How To Prepare Your Dog For The Arrival Of Your Baby

The Dog’s Safety: Baby Proofing

Your dog will probably feel confused at first when you bring home your baby. It can cause confusion for your dog when you change the daily routine, how attentive and available you are, or even if they have to move. These tips will help you and your new family member to adjust.

1. Use Dog Obedience training

If you haven’t done basic training before, start now. You should teach your dog a simple “sit,” a relaxed “wait” (which means just to stay in place and not rush forward), and the “place” command (to send him to his bed or another specific location). The cues are very useful in ensuring that your dog does not step on you and, if practiced enough, they can also help your dog with impulse control.

2. Purchase the Best Dog Supplies

If you’ve been shopping for a baby, make sure to also get the right equipment for your pet. You can use a lead that is fixed in length (4 to 6 feet) instead of a retractable one to help your dog stay if he needs it. Your child won’t need baby gates right away. But your dog may benefit from boundaries as you transition. If you do not already have a bed, invest in one that is of high quality. It should include bolsters so that your dog has something to lean against. Your dog should have a bed that is comfortable. Then, buy a selection of rubber toys that can be stuffed with treats. When you are not paying attention to your dog, these activity toys can be his “babysitter”. A busy toy will keep your dog occupied in a constructive way.

3. Start Stroller Training

You can train your dog to use a stroller. Take your time when introducing a dog to a stroller. Some may be scared by its size or movement. Let him smell the stroller, then slowly push it. Treats can be dropped a few feet away from the pram so that he will associate it with positive things. Try taking your dog on a stroll and rewarding him with treats if he trots along alongside the stroller. Then, if your dog is still afraid at this stage, you can go back to your initial steps of acclimatization and gradually work up to taking your stroller outside.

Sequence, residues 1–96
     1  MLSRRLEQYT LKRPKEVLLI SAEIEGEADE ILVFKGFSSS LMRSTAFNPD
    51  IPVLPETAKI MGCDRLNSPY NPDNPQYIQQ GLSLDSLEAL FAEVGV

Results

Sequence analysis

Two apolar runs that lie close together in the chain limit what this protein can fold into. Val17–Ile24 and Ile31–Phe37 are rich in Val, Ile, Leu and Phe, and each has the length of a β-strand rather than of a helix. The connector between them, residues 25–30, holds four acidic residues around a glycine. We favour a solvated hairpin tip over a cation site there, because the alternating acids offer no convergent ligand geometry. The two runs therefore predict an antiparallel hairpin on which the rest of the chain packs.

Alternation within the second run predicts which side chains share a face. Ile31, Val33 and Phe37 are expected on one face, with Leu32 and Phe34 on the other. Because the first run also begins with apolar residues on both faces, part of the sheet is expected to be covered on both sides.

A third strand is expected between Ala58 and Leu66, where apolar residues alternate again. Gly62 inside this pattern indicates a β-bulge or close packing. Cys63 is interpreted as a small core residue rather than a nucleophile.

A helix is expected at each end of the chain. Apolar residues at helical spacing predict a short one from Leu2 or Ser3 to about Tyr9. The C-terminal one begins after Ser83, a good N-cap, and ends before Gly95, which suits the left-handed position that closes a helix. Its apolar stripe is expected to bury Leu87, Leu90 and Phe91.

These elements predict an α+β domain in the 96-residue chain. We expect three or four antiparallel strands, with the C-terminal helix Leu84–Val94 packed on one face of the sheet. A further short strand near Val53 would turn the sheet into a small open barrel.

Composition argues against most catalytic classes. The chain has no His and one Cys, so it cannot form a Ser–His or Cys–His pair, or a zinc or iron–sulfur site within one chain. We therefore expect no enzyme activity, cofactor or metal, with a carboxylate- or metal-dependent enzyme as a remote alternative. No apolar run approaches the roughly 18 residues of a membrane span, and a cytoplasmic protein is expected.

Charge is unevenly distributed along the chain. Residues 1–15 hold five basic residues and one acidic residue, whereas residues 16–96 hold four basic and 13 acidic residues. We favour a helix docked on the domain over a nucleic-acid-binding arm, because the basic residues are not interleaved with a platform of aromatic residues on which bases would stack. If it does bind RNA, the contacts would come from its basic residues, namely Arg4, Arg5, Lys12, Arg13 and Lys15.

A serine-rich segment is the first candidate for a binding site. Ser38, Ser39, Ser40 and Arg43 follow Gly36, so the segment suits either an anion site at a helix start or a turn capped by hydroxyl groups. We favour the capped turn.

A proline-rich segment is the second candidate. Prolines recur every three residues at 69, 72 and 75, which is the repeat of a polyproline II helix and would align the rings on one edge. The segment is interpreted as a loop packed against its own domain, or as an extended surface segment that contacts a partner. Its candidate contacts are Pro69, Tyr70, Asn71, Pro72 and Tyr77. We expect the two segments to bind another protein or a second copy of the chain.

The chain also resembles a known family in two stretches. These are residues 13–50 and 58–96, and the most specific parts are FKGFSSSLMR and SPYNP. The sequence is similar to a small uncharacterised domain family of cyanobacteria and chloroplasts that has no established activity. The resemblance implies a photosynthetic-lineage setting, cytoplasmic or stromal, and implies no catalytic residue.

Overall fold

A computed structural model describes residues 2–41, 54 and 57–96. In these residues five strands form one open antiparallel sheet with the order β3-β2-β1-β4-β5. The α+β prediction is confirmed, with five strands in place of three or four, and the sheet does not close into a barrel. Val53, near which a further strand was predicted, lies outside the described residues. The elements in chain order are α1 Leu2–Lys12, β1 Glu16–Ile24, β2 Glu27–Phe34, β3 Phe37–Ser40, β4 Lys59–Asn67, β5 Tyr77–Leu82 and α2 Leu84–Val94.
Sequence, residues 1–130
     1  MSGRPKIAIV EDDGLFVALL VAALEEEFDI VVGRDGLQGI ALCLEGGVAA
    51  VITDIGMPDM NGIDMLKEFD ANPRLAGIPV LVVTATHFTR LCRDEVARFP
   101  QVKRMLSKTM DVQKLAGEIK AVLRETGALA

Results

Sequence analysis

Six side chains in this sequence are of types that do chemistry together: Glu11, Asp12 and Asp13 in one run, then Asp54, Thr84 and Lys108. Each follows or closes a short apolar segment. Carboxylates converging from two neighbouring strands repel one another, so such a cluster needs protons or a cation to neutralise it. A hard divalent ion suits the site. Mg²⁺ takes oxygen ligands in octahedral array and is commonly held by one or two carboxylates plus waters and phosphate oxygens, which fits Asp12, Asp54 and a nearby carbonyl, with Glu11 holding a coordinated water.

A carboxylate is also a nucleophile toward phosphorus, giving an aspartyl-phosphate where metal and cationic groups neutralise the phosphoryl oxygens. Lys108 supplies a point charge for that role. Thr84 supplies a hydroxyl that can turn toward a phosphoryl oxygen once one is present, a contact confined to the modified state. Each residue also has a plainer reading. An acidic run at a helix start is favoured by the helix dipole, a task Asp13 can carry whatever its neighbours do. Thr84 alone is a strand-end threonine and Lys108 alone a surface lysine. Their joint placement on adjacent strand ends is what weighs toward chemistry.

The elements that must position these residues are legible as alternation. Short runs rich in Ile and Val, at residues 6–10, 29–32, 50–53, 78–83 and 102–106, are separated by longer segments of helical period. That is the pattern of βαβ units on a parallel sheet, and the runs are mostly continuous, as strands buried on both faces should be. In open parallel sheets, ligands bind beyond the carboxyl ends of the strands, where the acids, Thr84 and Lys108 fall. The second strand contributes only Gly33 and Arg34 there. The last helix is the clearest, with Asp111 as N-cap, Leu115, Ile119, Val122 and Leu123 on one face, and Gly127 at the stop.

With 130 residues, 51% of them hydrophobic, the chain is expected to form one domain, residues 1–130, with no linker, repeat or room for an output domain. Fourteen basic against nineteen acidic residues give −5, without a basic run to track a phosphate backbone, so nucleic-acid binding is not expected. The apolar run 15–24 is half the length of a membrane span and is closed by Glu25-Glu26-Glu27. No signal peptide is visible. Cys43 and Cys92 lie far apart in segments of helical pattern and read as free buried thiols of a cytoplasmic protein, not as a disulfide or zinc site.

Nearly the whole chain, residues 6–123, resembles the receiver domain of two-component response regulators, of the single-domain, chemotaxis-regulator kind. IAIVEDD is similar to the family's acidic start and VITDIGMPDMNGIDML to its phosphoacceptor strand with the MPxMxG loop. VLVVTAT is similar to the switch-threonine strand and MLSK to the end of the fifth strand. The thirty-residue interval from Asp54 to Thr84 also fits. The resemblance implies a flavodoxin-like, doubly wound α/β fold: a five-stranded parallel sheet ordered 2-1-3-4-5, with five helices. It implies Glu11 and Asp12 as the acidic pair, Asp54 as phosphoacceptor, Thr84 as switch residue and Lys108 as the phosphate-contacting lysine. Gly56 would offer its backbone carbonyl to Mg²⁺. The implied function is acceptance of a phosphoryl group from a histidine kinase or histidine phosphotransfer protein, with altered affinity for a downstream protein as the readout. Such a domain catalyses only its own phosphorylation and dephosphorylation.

4. Start a new ‘Baby schedule’

You can’t know what a baby’s schedule will look like, but you should try to make it similar. It will make your dog more accustomed to the changes that are coming. Start playing with the feeding time if your dog has become accustomed to receiving exact every morning and evening. This will help your dog adjust to a later meal. You can also vary the length and time of your walks. Try not to over-love your dog in anticipation of a possible lack of attention. Your dog will feel the shock if you suddenly stop lavishing him with attention.

5. Encourage good behavior around your baby

It is only natural that your dog would want to be close to the new baby. Praise your dog for appropriate behavior, such as backing away when asked to do so and sitting down politely rather than jumping up to look at the baby. Ensure that the flea-and tick prevention your dog uses is suitable for contact with newborns. If you are concerned, your vet can provide guidance.

6. The Key to Early Planning

Children who grow up around dogs develop special relationships with them. Although the adjustment period to having a child and a pet can be difficult, taking appropriate measures from the start can help make it less stressful.